PATMOS: A Review

November 29, 2016

There is a lot I like about this C. Baxter Kruger's latest book Patmos, most especially his central thesis that "the assumption of separation is the great darkness."  (91)  I like the way he continually emphasizes his point that here in the West we have all too often believed the idea that we are separated from God and from one another.  But that, says Kruger, is a false notion.  We are not separate from God.  We are not separate from one another.  We just think we are.  It is a message that we need to hear often in post-election America!

But that said, there are things about the book that I find less appealing. 

It's basic premise in fairly straightforward.  The well-educated 21st century theologian, Aidan Williams, is magically sent back in time to Patmos, where he meets the Apostle John.  For three days they have an extended theological conversation focusing on many matters, but most especially on the Incarnation.  And, in the end, Aidan is returned to his own time and his own home.

I have no trouble with the idea of time travel.  It sets up intriguing possibilities like this one.  And while Kruger does recognize some of the incongruities it creates, his focus on things like slang expressions which would make no sense to a first century human being seems very forced in most instances.  In fact, it is distracting.  I suspect some of it is introduced to alleviate the heavy theological dialogue, a bit of leavening with humor, but it usually falls flat.  Especially the seventh-grade locker room jokes about flatulence.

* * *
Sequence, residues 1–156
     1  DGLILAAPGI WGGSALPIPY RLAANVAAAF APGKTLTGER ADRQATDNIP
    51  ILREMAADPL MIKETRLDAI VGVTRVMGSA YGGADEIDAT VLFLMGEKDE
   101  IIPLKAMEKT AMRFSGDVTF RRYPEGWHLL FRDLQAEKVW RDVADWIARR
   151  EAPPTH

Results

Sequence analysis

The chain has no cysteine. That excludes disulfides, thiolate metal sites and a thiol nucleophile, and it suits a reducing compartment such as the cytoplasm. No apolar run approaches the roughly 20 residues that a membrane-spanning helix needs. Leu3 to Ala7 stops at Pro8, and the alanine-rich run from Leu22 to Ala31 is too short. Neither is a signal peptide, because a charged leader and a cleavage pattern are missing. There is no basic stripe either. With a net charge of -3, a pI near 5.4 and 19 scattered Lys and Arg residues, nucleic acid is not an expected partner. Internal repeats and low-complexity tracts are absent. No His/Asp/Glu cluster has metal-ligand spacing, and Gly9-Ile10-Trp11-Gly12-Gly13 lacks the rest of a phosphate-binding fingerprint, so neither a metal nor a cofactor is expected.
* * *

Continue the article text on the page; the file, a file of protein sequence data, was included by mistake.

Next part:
Kruger makes some assumptions about the Apostle John with which many scholars would disagree.  Not only the chronology of his life, but also, more significantly, crediting him with the authorship of all the Johannine material in the New Testament.  While it is true many conservative scholars would agree with his understanding that the John who wrote the Gospel of John is the same as the John who wrote the Book of Revelation, there are many others, of many theological persuasions, or no theological persuasion, who would disagree.

That said, there are some wonderful twists and turns in the book that make sense out of things that are often hard to comprehend.  The discussion John and Aidan have about the Trinity, with its emphasis on relationship, is truly enlightening.

I want tor recommend this book--for the sake of Kruger's central thesis.  But I hesitate--until I remember most of the action in Kruger's novel takes place in a cave.  And when you spend time in caves, if you are really  paying attention, you can usually find some gems.  Draw your own conclusion!  

Disclosure of Material Connection:  I received this book free from the author and/or publisher through the Speakeasy blogging book review network.  I was not required to write a positive review.  The opinions I have expressed are my own.  I am disclosing this in accordance with the Federal Trade Commission's 16 CFR, Part 255.

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